Sunday, January 23, 2005

still life- cup and clementine

I am on my way to Paris again but this time I am forty-one. I have narrowly escaped my official seat in 8/68 - sitting next to a lunatic who says he has 'fesses fragiles' (fragile buttocks) - and am free to muse.
Yesterday was my birthday. Special morning treatment from my beloved included - amongst other things! - fresh mango and orange juice. My gift was a painting of the wonky cup from our favourite Cornish potter, which I bought Julian for Christmas and which featured in our discussion on depicting organic and non organic objects. It was partnered with an equally organic clementine and was the first, maybe the last, in the series of 'shower paintings'. It took my breath away.
Julian has become obsessed with a bloke called Duane Keiser who, on his website, advertises, paints and sells 'A Painting A Day' It has become one of the morning rituals getting up, as one used to for the first cigarette, for today's tiny bottle top, kiwi or wineglass, and Julian is trying to work out a way he can pull off such a coup through his site. Firstly, the title is great, especially as it begins with an A and therefore will come up first in google. Secondly, Duane must be awesomely disciplined. However, though bringing in $100 a day on his postcard paintings alone, I'm not so sure he would ever have the spontaneous generosity to paint a beautiful wonky cup and clementine in the shower for his love's birthday.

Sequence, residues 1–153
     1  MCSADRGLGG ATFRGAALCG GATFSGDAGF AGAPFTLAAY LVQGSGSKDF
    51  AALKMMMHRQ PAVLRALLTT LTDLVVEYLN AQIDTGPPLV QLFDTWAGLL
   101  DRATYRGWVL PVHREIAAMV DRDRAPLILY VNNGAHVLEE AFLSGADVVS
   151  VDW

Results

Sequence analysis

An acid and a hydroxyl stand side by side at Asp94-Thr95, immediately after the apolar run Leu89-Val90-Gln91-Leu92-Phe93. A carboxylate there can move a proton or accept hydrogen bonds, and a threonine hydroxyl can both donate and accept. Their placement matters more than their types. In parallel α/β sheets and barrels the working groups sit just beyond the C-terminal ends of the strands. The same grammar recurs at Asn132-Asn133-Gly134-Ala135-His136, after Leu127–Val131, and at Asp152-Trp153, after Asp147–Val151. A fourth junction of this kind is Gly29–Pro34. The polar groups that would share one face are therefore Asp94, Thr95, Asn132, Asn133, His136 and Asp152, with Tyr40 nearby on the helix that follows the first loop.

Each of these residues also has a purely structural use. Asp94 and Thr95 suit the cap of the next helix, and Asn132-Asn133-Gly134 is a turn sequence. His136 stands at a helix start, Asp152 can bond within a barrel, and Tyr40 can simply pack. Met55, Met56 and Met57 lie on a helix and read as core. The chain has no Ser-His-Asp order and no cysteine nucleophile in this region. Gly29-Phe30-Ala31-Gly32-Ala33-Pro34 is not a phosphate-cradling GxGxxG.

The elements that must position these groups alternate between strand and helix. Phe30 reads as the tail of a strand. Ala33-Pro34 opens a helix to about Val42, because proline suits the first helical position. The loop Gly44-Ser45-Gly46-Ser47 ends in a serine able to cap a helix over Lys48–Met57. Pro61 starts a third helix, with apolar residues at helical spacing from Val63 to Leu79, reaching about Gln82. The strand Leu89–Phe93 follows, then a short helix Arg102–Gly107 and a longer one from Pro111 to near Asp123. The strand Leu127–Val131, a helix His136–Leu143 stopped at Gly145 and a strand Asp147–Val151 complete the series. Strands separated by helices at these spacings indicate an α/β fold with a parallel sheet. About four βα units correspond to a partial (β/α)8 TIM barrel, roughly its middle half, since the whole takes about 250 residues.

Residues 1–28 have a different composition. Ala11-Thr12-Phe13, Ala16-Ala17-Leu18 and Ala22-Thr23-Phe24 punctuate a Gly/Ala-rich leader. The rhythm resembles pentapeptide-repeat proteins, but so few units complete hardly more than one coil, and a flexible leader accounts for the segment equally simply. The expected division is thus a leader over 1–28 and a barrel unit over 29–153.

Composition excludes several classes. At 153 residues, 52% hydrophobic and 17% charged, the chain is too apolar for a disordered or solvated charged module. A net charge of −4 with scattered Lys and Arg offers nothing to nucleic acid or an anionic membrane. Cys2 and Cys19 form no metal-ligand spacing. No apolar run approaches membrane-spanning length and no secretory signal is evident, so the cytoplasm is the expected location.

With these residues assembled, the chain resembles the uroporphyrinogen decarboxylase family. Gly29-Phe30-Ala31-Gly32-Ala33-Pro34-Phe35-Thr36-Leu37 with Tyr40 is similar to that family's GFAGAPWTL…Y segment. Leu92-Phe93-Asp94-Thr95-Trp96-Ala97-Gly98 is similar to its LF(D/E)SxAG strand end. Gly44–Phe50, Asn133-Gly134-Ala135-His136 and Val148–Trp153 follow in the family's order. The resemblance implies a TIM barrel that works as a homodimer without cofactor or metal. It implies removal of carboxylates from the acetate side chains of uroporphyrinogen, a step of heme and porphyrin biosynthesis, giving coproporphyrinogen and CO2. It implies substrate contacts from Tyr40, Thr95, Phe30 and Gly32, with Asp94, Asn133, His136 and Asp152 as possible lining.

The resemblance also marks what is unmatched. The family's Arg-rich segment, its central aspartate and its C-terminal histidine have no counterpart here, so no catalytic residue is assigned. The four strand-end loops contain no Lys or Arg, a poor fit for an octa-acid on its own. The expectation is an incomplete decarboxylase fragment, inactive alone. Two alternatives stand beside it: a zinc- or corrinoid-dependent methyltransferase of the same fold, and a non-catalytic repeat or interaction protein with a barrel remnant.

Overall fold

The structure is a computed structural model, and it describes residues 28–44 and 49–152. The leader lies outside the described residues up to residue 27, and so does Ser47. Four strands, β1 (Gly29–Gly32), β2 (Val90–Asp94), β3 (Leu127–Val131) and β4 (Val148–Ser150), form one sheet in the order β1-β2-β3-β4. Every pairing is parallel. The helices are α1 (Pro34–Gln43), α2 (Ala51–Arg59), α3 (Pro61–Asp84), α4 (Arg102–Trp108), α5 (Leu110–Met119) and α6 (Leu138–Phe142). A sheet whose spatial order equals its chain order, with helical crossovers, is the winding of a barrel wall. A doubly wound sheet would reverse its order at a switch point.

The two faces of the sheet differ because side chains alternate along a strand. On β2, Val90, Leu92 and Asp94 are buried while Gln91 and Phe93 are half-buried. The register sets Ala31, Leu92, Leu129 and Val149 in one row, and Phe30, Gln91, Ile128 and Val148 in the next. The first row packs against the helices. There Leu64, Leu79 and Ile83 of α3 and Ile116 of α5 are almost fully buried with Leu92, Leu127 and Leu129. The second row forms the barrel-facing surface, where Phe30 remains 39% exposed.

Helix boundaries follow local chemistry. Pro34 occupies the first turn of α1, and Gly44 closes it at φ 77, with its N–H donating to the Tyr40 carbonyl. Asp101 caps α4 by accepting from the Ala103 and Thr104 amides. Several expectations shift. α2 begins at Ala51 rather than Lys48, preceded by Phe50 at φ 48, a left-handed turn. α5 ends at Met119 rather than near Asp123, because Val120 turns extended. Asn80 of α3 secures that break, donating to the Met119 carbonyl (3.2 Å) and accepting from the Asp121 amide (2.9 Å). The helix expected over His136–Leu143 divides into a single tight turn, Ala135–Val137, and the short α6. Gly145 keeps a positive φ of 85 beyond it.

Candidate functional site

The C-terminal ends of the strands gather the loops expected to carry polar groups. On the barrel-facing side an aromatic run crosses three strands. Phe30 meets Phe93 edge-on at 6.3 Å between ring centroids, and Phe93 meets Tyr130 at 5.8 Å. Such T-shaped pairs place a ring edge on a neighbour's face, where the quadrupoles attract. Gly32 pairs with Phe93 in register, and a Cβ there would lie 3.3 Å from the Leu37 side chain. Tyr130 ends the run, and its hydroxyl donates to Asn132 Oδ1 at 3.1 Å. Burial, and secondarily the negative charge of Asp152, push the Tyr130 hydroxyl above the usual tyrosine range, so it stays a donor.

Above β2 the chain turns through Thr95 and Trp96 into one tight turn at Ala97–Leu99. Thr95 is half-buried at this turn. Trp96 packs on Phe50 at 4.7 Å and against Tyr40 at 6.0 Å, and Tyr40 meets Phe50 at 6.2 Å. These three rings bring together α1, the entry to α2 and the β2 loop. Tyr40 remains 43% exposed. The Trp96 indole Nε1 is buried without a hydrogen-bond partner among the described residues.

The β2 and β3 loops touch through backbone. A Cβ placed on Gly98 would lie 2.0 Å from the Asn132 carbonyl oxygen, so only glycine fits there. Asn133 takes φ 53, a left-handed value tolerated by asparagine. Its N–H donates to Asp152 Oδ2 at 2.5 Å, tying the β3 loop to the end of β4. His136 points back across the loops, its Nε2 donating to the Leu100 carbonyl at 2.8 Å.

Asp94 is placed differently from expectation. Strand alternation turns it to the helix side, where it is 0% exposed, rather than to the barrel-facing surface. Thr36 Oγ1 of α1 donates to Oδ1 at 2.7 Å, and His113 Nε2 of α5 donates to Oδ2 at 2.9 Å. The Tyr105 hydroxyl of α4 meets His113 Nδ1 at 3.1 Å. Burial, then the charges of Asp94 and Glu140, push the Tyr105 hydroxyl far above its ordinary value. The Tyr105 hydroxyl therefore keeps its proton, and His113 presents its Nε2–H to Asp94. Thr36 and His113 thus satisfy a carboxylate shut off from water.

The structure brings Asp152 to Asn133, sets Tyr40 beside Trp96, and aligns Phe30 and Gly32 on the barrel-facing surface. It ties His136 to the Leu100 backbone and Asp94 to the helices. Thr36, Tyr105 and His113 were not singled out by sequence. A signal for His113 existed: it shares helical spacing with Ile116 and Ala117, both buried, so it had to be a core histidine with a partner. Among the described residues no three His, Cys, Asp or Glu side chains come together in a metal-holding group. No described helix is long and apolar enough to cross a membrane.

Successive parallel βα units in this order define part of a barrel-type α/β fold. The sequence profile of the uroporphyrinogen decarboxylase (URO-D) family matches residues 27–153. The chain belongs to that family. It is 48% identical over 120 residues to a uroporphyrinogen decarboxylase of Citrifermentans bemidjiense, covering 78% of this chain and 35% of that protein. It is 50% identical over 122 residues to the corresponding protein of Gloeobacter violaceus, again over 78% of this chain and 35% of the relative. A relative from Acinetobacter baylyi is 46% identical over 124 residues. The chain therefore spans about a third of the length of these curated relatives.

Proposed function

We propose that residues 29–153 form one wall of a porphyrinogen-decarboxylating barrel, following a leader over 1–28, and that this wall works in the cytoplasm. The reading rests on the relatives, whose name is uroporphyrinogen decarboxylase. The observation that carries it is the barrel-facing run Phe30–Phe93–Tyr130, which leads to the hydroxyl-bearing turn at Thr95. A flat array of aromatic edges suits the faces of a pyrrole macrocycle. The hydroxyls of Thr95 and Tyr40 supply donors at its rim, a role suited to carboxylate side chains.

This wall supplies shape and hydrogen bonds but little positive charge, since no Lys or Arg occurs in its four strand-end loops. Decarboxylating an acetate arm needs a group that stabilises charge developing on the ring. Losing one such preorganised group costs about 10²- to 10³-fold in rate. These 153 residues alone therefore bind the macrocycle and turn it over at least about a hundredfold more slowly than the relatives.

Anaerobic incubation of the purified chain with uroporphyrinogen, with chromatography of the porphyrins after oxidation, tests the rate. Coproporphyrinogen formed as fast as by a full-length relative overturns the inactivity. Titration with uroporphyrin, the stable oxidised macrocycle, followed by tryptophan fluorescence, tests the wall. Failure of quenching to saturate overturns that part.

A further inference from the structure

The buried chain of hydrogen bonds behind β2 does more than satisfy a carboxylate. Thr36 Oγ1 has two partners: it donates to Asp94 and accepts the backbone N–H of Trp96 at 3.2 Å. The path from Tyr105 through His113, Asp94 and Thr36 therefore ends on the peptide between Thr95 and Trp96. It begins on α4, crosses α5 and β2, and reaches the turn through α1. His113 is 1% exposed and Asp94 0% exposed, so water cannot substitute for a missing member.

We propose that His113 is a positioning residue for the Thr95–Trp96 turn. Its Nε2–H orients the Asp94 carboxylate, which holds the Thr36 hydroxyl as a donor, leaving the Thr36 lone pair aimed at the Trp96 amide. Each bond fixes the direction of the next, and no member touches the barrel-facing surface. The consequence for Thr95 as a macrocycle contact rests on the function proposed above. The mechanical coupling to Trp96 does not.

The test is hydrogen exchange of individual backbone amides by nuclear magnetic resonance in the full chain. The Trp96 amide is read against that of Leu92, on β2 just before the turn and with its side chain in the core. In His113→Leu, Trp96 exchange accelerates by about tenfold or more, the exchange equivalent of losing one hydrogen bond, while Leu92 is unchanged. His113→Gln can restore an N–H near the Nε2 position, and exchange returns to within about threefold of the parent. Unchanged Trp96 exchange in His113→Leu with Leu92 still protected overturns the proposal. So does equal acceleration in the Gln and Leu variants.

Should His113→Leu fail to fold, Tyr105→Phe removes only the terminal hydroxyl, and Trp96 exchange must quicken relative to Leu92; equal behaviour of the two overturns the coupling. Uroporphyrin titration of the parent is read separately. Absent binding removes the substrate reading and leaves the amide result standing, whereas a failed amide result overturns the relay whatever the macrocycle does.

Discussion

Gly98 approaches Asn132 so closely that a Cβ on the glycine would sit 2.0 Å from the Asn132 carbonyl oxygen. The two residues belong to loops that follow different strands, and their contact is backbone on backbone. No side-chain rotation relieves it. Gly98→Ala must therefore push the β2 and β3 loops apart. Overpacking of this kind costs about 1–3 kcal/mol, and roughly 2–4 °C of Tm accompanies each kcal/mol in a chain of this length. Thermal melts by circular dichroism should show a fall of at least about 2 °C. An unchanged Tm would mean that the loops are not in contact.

Julian's eyes became sealed to his computer screen early on, so I was glad when, returning from a little wander with the kits, I was spontaneously asked to join Manuel and Nadine on a walk. I had no idea they meant half way up the bloody Ventoux, and if I had I may not have agreed, but squeezing through lime rock passages and treading needled and canopied paths under a double rainbow on the ascent to the 'bergerie', was a wonderful way to celebrate. It was followed (thankfully, as I had only had a bowl of artichoke and cep soup and had walked - and farted - up hill for four hours) by dinner out with the sort of friends who, when they get out their diary, you see "truffle omelette" written on Wednesday; the sort of friends who laugh heartily at the unfortunate consequence of soups - once famously in Jo's face as Julian got up to go to the loo - and with whom it is perfect to unwind and celebrate yet another year in this odd but miraculous life.

My arrival at this age marks my acceptance of a path without children. Last year - the doomsday age of the IVF clinic's favourite line: - We don't treat women over forty - I was watching whales and dolphins off the coast of Monterey and, though with Julian and a close girlfriend, I was drenched with the grief of infertility. This year, half way up a mountain with a wonky cup half full and its fruitful accompaniment in my heart, surveying the terrain of our new life I felt a huge sense of excitement and I knew that the longing had become belonging.


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